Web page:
Out for the Weekend, and Thoughts on Reviews

So, first of all, I’m going to be out of town all weekend. I’m attending a wedding, actually. Not my own. But nonetheless, a wedding that I’ve been looking forward to attending for over a year. It’s going to be great!

Naturally, though, this means I won’t be reacting to anything here for a few days. So if you should perchance to make a comment and find it still awaiting moderation hours later, I apologize. You’ll likely be waiting until I return. Same for attempting to contact me. As soon as I get back, I’ll catch up on everything.

For now though, I’ve got a wedding to look forward to, so I’ll see you all once more when I return!

Now, that said, I had a thought late last night that I wanted to post, so I am going to get this out there before I leave.

Last night, Dead Silver picked up another review. A short review, but a review nonetheless (and like all authors, I like to see reviews).

It gave the book five stars. It’s not the first. Now at this point, I’d imagine that most of you were already guessing that I’d received a low review and was about to “respond” to it. Nope. It was a five-star review. Also, and on a side note, writing “review rebuttals,” especially for low reviews, isn’t something authors do. As an author—NO.

So, Dead Silver got another five-star. Alright. So what?

Well, it made me think. I do self-promotion, most often on the heels of the question “What do you do for a living?” Naturally, my writing gets brought up quite a bit. And one question I often have to answer from time to time when I talk about my books is “Well, what are the reviews like?” And do you know what the strange thing is? People react better to being told that the reviews are “Okay” or “Pretty good,” than they do to being told that it has five stars.

Now, the logic for this kind of reaction has been discussed and touched upon more in depth over on 1 Lazy Robotwhich discusses lopsided reviews and how reviews may not matter as much anymore as a result of the internet (along with other things, seriously, go give it a look). But the thing that stands out to me is people’s reactions to being given the answer to the question they’ve just asked if I bring up the actual reviews.

“What are the reviews like?” they ask, or some variant thereon.

“Very good,” I reply. “Five stars.”

This is where things get weird. Sometimes, if I had to guess I’d say maybe a third to half of the time this conversation takes place, I then get this response:

“Pfft. It’s probably not that good.”

Which has always been a puzzling reaction to me. I’ve always consideredt that the whole point of establishing a review scale was to quickly give a rough idea of “good or bad?” based on a quick glance, and five stars was supposed to be good. So I never really had anything to say back to those people. If I tried bringing up numbers of reviews, or what the reviews said, I got quick dismissal. The idea that a book could be out for some time, sell X number of copies and still sat at five stars just somehow, to some people, meant that the book had to be bad. I’ve had responses that obviously only the people who really liked it bothered to leave a review. I’ve been told that there’s no such thing as a perfect book (a topic for another time), as if the high review score for my books are actually a sign that they’re even more flawed than the average book. A lot of puzzling responses that I didn’t really have a good response to.

Now I’m not going to sit here and pick those apart. A), it wouldn’t serve much purpose for this post and B) it comes dangerously close in my own mind, in light of the high-review that set this off, to being a “review response.” I’m not doing that. Additionally, I know no book is perfect. Crud, One Drink, for me, sits at about three-stars. Dead Silver four. I’m always trying to push my writing to a better place. I know it’s not perfect. But that also doesn’t immediately mean that it sucks. But that’s not a great answer to this kind of response either.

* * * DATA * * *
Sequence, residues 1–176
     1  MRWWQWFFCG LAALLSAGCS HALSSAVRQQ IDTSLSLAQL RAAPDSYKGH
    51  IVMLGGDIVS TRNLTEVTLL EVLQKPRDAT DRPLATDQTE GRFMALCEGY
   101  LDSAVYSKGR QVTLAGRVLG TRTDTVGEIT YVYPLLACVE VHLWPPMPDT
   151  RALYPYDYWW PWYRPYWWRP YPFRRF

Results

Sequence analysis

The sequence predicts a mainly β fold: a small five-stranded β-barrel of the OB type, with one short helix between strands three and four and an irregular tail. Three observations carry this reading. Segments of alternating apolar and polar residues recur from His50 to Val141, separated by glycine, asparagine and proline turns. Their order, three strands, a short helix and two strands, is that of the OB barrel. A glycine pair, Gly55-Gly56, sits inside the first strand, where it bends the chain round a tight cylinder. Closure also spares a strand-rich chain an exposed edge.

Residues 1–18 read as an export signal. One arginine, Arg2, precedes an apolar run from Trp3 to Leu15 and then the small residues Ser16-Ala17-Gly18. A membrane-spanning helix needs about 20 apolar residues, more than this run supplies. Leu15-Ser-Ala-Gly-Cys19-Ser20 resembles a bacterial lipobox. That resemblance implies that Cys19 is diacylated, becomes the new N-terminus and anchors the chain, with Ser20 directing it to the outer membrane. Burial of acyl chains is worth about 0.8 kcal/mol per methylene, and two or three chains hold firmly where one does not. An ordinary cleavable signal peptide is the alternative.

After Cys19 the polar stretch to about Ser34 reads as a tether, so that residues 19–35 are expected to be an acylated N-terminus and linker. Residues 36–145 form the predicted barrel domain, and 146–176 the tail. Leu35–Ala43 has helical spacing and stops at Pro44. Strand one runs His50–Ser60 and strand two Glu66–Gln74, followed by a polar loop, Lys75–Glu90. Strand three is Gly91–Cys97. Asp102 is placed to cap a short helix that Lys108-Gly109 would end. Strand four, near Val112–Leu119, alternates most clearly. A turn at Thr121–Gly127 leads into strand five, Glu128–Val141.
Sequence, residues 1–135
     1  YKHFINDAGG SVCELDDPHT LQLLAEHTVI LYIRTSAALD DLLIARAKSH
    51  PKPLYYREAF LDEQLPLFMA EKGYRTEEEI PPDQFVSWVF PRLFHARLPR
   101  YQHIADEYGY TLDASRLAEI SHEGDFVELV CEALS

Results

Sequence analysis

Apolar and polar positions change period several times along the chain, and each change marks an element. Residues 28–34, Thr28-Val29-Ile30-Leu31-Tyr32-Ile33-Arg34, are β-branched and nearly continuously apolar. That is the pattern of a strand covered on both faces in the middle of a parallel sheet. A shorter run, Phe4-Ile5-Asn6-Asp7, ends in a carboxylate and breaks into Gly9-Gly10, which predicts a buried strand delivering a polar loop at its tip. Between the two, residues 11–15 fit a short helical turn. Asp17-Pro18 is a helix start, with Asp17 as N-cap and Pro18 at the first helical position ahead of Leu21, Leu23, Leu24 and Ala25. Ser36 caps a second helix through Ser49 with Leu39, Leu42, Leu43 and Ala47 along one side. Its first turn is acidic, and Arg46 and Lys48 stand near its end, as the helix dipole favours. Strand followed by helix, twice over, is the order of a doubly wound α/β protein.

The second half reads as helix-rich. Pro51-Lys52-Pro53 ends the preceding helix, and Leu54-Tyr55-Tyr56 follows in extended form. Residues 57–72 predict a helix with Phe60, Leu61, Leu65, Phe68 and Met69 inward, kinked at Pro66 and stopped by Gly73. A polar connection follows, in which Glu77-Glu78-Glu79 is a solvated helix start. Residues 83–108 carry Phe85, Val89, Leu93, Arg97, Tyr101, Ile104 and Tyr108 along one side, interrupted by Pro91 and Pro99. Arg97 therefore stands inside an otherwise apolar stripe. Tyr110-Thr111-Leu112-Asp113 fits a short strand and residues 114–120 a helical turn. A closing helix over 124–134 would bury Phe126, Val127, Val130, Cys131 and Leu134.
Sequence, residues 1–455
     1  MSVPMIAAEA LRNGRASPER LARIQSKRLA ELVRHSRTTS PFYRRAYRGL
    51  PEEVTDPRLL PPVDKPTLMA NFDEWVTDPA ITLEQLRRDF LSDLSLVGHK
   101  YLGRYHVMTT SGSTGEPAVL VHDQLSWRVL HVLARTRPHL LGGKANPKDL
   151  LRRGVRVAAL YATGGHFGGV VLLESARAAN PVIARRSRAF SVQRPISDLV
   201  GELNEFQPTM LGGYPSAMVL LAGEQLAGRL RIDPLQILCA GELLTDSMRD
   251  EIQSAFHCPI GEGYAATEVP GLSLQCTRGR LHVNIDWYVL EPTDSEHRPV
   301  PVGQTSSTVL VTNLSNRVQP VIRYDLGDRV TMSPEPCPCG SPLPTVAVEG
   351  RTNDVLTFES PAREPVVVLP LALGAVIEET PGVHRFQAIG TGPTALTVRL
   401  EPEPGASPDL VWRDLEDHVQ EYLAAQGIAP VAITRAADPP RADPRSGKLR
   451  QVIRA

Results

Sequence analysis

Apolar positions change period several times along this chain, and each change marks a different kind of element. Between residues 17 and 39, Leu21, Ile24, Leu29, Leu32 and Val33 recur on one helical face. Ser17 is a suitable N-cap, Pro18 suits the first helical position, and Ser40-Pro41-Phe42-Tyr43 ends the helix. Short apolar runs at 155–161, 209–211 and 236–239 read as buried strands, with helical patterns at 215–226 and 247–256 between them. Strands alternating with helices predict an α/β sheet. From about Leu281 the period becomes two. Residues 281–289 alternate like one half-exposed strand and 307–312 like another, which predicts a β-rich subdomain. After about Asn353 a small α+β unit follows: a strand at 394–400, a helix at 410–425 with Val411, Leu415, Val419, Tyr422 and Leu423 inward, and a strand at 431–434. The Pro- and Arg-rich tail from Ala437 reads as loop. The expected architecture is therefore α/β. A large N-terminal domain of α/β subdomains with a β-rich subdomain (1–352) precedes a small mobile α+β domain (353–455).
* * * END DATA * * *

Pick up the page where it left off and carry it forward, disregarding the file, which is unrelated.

But last night, I finally hit upon the best possible answer to all those reactions. A challenge of sorts. Someone doesn’t believe that my book deserves that review rating?

Fine. Read my book and prove it! Add your voice to the pile! No one but themselves is stopping them from spending some spare change to pick up a copy of my book (or not even that if they have prime, I do both lending and the odd Netflix-like rental feature), reading it and then adding their own voice. Even if they hate it. You read Dead Silver or One Drink and didn’t like it? Then tell the world! Add your voice to the mix! Let everyone know! I have no problem with low reviews, provided you actually read the book and are being both genuine and honest (a topic for another day is the “critic” that never actually likes anything).

Now I have an answer. You don’t believe that my book can be that good? Then prove those other reviewers wrong. Grab a copy, read it, and add your voice to the mix. Nothing is standing in your way.

Risky? Well, a little. It’s quite clear that people who go into a work expecting to hate it usually come out without having their opinion shifted (something that’s been made highly clear in some of the “reviews” for the current Hugo nominations. Watching these reviews go into a Hugo nominee while declaring before they’ve actually read it that they know it will be terrible seems pretty suspect to me, though at least the reviewers are being honest about their biases). But I think it’s a valid answer.

Disagree with the reviews? Prove them wrong. Read the work, whatever it is, and add your voice to the mix. No one is stopping you but you. This doesn’t just apply to my work, but anyone’s work.

So at last, I have my answer. We’ll see how it works out.

For now, I’ve got a wedding to pack for. See you next week!

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